Mast cells, brain inflammation and autism

Eur J Pharmacol. 2016 May 5;778:96-102. doi: 10.1016/j.ejphar.2015.03.086. Epub 2015 May 1.


Increasing evidence indicates that brain inflammation is involved in the pathogenesis of neuropsychiatric diseases. Mast cells (MCs) are located perivascularly close to neurons and microglia, primarily in the leptomeninges, thalamus, hypothalamus and especially the median eminence. Corticotropin-releasing factor (CRF) is secreted from the hypothalamus under stress and, together with neurotensin (NT), can stimulate brain MCs to release inflammatory and neurotoxic mediators that disrupt the blood-brain barrier (BBB), stimulate microglia and cause focal inflammation. CRF and NT synergistically stimulate MCs and increase vascular permeability; these peptides can also induce each other׳s surface receptors on MCs leading to autocrine and paracrine effects. As a result, brain MCs may be involved in the pathogenesis of "brain fog," headaches, and autism spectrum disorders (ASDs), which worsen with stress. CRF and NT are significantly increased in serum of ASD children compared to normotypic controls further strengthening their role in the pathogenesis of autism. There are no clinically affective treatments for the core symptoms of ASDs, but pilot clinical trials using natural-antioxidant and anti-inflammatory molecules reported statistically significant benefit.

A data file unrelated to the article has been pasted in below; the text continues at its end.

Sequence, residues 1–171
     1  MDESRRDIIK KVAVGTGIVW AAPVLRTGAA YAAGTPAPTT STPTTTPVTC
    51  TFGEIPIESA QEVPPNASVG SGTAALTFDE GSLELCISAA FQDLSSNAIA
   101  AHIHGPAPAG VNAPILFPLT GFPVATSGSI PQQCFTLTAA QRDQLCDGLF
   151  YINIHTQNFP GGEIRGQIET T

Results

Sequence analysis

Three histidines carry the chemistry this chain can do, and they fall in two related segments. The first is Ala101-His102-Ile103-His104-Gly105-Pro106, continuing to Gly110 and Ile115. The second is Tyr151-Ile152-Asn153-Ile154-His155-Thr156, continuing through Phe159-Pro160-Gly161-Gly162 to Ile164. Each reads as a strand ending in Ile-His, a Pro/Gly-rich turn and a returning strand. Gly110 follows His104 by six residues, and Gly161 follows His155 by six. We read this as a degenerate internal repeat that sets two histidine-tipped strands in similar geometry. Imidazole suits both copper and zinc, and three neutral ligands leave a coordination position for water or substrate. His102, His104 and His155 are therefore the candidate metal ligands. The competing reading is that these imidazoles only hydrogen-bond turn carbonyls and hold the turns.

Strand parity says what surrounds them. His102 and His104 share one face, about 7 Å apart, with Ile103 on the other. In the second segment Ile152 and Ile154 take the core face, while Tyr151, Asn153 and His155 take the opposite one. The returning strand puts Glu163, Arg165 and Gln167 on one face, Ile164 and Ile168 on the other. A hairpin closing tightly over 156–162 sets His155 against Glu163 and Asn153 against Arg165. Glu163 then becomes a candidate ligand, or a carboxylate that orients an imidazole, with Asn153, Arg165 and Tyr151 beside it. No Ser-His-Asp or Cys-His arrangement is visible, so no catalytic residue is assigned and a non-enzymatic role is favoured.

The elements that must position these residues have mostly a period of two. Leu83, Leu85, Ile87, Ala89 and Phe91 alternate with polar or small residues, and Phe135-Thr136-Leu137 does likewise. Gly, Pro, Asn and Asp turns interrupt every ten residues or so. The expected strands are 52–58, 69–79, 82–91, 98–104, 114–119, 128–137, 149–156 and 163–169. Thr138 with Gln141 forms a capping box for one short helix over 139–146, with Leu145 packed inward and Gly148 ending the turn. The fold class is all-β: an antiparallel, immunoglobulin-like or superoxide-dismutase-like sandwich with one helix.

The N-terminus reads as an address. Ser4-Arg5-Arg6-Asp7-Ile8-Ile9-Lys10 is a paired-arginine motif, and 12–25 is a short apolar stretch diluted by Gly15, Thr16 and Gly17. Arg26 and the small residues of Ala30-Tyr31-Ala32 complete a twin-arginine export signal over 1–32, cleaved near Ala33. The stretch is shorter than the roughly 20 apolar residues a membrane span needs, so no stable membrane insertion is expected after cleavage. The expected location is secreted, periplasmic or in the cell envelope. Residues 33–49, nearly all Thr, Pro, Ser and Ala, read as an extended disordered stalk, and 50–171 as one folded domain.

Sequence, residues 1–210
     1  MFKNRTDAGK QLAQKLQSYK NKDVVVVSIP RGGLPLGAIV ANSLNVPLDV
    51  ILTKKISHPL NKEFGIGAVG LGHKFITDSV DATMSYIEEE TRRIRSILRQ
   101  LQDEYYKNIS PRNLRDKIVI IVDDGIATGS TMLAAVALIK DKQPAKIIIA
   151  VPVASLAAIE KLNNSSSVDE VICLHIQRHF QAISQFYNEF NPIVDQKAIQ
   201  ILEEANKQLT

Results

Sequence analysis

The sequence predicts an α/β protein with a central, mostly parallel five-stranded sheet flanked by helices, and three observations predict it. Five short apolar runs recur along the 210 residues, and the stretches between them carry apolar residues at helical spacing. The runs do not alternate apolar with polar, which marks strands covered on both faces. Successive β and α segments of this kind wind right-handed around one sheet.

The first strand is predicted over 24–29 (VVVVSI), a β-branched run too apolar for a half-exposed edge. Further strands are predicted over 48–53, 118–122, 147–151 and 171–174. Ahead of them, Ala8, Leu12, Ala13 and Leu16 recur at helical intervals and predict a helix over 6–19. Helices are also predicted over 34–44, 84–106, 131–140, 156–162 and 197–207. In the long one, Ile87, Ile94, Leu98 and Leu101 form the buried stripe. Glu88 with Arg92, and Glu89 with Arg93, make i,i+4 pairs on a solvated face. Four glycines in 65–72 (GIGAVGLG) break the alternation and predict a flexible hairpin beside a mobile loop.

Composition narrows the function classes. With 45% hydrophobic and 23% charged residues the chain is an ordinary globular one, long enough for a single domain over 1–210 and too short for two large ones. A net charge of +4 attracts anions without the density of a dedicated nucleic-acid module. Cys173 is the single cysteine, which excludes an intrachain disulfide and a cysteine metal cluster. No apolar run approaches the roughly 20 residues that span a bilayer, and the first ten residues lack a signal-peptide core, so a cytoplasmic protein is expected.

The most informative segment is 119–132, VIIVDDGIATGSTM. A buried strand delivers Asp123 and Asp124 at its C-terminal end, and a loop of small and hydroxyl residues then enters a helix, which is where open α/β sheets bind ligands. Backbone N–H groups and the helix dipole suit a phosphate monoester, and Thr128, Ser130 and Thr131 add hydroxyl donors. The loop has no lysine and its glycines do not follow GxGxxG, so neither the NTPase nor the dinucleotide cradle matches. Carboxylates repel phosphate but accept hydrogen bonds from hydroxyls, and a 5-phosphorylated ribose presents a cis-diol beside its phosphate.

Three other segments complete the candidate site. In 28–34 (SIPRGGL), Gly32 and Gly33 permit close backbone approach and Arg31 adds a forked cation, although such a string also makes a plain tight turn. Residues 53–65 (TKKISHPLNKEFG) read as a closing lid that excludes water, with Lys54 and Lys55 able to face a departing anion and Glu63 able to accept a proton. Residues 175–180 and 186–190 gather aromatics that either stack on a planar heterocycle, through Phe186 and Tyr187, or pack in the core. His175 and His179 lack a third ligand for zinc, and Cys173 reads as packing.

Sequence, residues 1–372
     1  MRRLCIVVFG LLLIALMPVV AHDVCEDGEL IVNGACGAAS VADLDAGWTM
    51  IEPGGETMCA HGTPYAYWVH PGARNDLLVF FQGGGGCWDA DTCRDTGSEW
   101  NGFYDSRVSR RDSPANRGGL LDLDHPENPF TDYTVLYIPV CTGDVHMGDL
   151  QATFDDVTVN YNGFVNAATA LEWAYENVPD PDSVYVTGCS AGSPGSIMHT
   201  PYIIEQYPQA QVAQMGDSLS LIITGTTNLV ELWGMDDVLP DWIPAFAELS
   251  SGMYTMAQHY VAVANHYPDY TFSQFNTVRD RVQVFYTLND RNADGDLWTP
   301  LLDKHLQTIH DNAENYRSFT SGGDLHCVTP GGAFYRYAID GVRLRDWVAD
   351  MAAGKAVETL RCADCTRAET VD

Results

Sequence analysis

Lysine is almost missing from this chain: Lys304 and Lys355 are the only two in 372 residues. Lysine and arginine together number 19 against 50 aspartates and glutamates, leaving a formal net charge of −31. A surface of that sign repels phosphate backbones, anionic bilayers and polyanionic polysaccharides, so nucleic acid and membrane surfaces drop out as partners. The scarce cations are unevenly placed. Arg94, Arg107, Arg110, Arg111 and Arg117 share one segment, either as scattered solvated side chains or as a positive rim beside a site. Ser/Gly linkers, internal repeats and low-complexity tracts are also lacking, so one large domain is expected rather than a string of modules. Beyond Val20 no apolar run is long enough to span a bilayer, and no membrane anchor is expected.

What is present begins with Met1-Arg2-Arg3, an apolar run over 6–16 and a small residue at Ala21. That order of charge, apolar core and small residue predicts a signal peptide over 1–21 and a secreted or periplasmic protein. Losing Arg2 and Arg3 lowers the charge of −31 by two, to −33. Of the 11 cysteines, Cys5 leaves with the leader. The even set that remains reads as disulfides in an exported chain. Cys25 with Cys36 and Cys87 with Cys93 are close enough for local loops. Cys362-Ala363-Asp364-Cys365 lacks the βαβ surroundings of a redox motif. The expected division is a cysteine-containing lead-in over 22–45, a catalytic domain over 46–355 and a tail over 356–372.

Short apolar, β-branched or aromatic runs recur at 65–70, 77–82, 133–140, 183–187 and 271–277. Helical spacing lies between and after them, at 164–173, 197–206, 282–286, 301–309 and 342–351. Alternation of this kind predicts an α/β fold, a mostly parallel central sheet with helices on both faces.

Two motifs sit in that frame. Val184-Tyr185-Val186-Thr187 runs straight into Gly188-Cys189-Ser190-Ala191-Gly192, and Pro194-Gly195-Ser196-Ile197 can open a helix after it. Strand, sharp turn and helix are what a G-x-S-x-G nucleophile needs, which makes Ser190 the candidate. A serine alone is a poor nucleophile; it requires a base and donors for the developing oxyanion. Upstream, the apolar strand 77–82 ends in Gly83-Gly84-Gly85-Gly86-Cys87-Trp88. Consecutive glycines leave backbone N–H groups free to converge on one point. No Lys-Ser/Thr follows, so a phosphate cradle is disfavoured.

Keywords: Autism; Brain; Headache; Inflammation; Mast cells; Mastocytosis.

Publication types

  • Research Support, Non-U.S. Gov't
  • Review

MeSH terms

  • Animals
  • Autistic Disorder / complications*
  • Autistic Disorder / immunology*
  • Encephalitis / complications*
  • Headache / complications
  • Humans
  • Mast Cells / pathology*